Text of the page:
Ciarlo's new book project, Selling War: Advertising, Propaganda, and the Origins of the Fascist Aesthetic in German Visual Culture, 1910-1925 offers a visual history of the First World War, using images that were widely seen at the time, but are now largely ignored or forgotten—namely, those of advertising.  My research shows how belligerent, warlike imagery circulated widely in German commercial culture long before the German state begin its (better-known) efforts to disseminate official propaganda.  Moreover, my exploration of advertising shows how graphic designers were the first to craft the themes that would be picked up by later official propaganda:  advertisers created and circulated visions of hyper-masculine militarism, of smugly-confident technophilia, and of a type of German-ness that was increasingly racialized (as "whiteness") and these widely-circulated visions became an important means by which ordinary Germans at home or at the front actually "saw" the war.  Selling War, then, will argue that even the horrors of trench warfare could be re-imagined through the ceaseless repetition of martial themes in mass-produced commercial imagery.  Moreover, the imagery of the hyper-masculine, militarized, and racially-pure "German" that emerged in the advertising of the war years formed the core of a "fascist aesthetic" which the National Socialists (Nazis) would first borrow from and then coopt.

Brianne Cohen, Art & Art History
Cohen’s The Empathic Lens: Contemporary Art, Ecology, and Kinship in Southeast Asia is the first study to explore a 21st-century efflorescence of artistic projects in Southeast Asia that urge widescale publics to prevent socio-environmental violence by envisioning ecological empathy through more sustainable, Indigenous cosmologies. This artwork employs the camera lens not only to document destruction of local landscapes, but also to galvanize feeling for inanimate matter, plants, animals, and humans through the imagining of more embodied, interconnected forms of kinship, an understanding of familial, environmental relations central to Indigenous knowledge. Major museums and cultural venues throughout the world widely exhibit the work of these artists from Cambodia, Vietnam, and Singapore, yet publics in the United States and Europe may not recognize their names yet because they remain marginalized and understudied in Euro-American scholarship – names such as Khvay Samnang, Tuan Mami, or Nguyễn Trinh Thi. The Empathic Lens analyzes and introduces English-speaking, arts-and-humanities audiences to this body of environmentally engaged, camera-based artwork, which presents an alternative, more ethical picture for planetary living through the lens of sustainable, Indigenous worldviews.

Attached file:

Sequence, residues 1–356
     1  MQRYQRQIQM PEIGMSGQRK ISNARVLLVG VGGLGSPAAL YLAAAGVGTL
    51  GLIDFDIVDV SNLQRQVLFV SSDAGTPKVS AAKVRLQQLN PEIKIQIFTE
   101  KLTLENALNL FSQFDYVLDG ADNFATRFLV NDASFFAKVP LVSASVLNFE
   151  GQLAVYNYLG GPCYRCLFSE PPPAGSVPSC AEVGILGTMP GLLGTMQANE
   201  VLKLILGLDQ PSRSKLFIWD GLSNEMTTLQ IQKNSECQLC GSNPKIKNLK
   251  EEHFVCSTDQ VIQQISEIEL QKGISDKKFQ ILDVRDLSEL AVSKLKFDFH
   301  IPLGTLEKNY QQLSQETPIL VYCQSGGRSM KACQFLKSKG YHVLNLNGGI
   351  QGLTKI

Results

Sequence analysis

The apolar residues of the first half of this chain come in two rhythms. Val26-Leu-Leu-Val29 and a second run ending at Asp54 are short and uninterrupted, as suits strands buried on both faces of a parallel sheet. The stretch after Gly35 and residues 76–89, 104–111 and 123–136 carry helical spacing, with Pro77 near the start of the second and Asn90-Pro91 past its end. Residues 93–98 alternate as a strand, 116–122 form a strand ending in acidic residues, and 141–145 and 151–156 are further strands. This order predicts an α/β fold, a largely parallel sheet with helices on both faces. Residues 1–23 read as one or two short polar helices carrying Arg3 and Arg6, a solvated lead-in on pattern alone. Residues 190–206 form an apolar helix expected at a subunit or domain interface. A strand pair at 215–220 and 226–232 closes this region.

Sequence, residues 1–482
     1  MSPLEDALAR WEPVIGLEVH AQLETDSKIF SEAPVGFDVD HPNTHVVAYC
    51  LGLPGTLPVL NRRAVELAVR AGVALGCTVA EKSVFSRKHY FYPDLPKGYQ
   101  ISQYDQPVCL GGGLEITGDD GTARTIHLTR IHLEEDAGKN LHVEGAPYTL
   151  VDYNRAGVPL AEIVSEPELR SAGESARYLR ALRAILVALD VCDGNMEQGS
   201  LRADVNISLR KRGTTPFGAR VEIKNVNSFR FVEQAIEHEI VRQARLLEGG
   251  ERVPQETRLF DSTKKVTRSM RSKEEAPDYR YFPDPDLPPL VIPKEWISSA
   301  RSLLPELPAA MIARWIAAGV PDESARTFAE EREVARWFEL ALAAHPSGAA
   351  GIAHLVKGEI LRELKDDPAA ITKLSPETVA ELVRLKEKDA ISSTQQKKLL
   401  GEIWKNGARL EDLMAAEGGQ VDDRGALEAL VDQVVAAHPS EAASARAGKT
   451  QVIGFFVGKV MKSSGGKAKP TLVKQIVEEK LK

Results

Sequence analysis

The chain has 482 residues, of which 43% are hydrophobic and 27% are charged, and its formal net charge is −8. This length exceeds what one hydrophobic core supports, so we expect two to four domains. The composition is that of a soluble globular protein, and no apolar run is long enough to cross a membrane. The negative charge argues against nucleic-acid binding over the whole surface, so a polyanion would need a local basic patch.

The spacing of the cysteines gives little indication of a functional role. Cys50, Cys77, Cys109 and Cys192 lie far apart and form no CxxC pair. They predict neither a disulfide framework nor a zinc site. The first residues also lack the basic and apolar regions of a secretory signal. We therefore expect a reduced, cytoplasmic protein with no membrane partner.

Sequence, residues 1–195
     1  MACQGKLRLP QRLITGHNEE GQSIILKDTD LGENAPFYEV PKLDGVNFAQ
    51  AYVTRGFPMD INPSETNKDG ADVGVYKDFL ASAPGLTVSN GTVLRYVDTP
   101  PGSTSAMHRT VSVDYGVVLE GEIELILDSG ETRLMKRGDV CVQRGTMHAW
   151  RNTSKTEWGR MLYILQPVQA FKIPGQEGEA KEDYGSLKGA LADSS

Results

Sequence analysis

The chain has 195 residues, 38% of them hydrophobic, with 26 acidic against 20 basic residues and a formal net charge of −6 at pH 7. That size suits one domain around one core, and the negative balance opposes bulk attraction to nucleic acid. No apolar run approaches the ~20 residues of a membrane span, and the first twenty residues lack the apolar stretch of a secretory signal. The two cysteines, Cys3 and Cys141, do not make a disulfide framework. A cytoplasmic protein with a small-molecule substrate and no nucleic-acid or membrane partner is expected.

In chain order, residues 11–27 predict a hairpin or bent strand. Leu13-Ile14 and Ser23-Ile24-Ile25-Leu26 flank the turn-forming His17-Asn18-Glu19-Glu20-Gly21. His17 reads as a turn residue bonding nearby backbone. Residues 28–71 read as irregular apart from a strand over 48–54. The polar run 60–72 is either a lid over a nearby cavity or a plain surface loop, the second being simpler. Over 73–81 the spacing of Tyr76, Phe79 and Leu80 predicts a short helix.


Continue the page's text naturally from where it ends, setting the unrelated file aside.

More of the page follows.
Celine Dauverd, History
All the Kings of the Mediterranean examines the conquest of North Africa (1450-1620) through the prism of seven Renaissance popes. By investigating on the one hand soft power through rhetoric and authority, and, on the other, raw power through secular jurisdiction and alliance politics, it argues that popes sought leadership over all confessions. By examining 15-17th c. documents in six different languages, I reveal that popes’ ecumenical identity was the signifier of their redefined imperium. Acting as potent ideological fuel whose imperial interests choreographed wars in Africa, popes adroitly consolidated their sovereignty over the Mediterranean world at the expense of Iberian rulers and Muslim warlords. Bridging classical studies, religious history, and international relations, this project brings an alternate history to the Maghreb conquest.